Gerunds vs. Infinitives

English Grammar 9 March 2010 | 4 Comments

Another grammar point that goes with gerunds is using infinitives (ex. to sleep). The big question is, when do you use an infinitive and when do you use a gerund??? There are lots of rules and cases where you use one or the other, for this post, I will give an overview and go into more detail in future posts.
Both gerunds and infinitives can be used as the subject of a sentence:
Surfing at the beach is fun.
To surf at the beach is fun.

Both can be used as the object of a sentence:
I like surfing at the beach.
I like to surf at the beach.

Only gerunds can be used as the object of the preposition:
I like speaking about surfing at the beach. – correct
I like speaking about to surf at the beach. – incorrect

Here are a few generalizations when deciding to use one or the other:

Gerunds are used when the actions are finished or they are real.
I finished surfing.
I stopped surfing.
(I have completely finished surfing.)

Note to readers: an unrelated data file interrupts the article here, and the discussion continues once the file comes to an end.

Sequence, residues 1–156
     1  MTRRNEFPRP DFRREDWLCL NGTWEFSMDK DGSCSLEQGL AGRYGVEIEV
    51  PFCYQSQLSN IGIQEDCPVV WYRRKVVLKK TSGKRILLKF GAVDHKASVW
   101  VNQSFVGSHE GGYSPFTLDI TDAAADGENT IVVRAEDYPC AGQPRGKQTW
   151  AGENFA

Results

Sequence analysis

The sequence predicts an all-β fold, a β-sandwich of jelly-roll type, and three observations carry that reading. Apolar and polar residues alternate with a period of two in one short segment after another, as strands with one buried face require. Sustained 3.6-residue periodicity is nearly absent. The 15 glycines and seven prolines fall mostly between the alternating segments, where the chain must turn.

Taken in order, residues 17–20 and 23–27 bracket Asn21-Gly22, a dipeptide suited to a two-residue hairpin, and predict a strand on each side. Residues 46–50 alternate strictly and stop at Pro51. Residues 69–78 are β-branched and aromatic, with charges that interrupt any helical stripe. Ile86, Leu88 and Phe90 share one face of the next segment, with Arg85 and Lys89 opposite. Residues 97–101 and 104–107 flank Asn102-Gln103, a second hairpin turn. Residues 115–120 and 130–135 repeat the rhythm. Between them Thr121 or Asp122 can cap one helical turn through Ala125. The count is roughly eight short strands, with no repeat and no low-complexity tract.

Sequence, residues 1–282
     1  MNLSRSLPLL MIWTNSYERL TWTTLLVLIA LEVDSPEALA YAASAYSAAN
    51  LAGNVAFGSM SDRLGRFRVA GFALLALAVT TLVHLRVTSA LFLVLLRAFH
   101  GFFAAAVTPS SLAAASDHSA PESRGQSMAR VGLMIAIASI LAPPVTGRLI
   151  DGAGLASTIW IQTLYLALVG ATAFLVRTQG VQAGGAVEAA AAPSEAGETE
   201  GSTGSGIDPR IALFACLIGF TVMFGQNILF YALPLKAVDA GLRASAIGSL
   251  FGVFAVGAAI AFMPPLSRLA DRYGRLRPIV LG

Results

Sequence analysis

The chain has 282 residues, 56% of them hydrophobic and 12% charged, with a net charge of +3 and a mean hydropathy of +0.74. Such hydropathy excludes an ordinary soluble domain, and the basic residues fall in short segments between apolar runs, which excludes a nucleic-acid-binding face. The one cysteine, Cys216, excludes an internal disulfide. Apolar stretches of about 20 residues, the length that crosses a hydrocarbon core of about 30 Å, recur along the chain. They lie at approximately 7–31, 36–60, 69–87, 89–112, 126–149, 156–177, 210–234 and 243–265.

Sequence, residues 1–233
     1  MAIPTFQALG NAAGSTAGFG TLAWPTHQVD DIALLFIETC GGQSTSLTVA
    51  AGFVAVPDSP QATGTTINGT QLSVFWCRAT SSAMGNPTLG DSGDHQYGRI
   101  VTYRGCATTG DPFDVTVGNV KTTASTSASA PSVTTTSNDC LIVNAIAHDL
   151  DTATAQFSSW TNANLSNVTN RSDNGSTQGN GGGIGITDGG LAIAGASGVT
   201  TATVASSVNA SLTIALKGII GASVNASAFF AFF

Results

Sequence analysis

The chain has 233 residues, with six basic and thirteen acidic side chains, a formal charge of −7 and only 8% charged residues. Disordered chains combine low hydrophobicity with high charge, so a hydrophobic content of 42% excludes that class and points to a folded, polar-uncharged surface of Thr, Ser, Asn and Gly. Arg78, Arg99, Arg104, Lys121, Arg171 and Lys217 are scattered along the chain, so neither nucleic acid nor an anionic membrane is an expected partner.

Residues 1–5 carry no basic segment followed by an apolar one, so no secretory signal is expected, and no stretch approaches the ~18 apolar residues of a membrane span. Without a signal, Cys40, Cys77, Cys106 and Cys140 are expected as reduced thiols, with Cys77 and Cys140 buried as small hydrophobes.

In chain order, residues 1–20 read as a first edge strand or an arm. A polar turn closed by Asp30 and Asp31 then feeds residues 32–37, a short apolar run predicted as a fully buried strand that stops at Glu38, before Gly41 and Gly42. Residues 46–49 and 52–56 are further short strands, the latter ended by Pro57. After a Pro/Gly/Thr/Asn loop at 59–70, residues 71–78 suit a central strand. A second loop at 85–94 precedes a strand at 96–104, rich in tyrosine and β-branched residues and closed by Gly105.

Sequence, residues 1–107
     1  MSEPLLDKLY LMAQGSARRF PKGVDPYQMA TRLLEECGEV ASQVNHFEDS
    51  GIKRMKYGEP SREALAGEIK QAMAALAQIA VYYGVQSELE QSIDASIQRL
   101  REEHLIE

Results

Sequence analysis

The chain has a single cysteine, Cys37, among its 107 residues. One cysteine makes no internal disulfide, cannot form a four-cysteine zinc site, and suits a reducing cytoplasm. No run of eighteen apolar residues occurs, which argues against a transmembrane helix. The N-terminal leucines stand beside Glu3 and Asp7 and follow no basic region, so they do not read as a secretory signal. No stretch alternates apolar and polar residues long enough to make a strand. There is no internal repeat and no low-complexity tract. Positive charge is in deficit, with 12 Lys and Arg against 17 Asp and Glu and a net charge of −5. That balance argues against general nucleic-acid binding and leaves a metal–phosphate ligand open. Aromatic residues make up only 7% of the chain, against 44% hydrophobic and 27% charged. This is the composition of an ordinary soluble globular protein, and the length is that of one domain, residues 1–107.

Infinitives are used when the actions take place in the future or they are not real.
I stopped to surf.
(This means I was doing something else, like walking and I stopped doing that and then soon I will begin to surf.)

4 Responses on “Gerunds vs. Infinitives”

  1. horas silitonga says:

    “verb+ing” also use in continuous tense..

  2. Yvonne says:

    Yes, there are a few tenses that use verb+ing. Verb+ing are only called gerunds when they are used as nouns. Thanks for stopping by.

  3. Aelphaeis says:

    Another important lesson! Sometimes I get confused with this, too. Hope you explain this in more detail in future posts 🙂

  4. Yvonne says:

    I will! I think it will take several posts. There are lots of various aspects to it! Thanks for reading it! I appreciate your support, as always!

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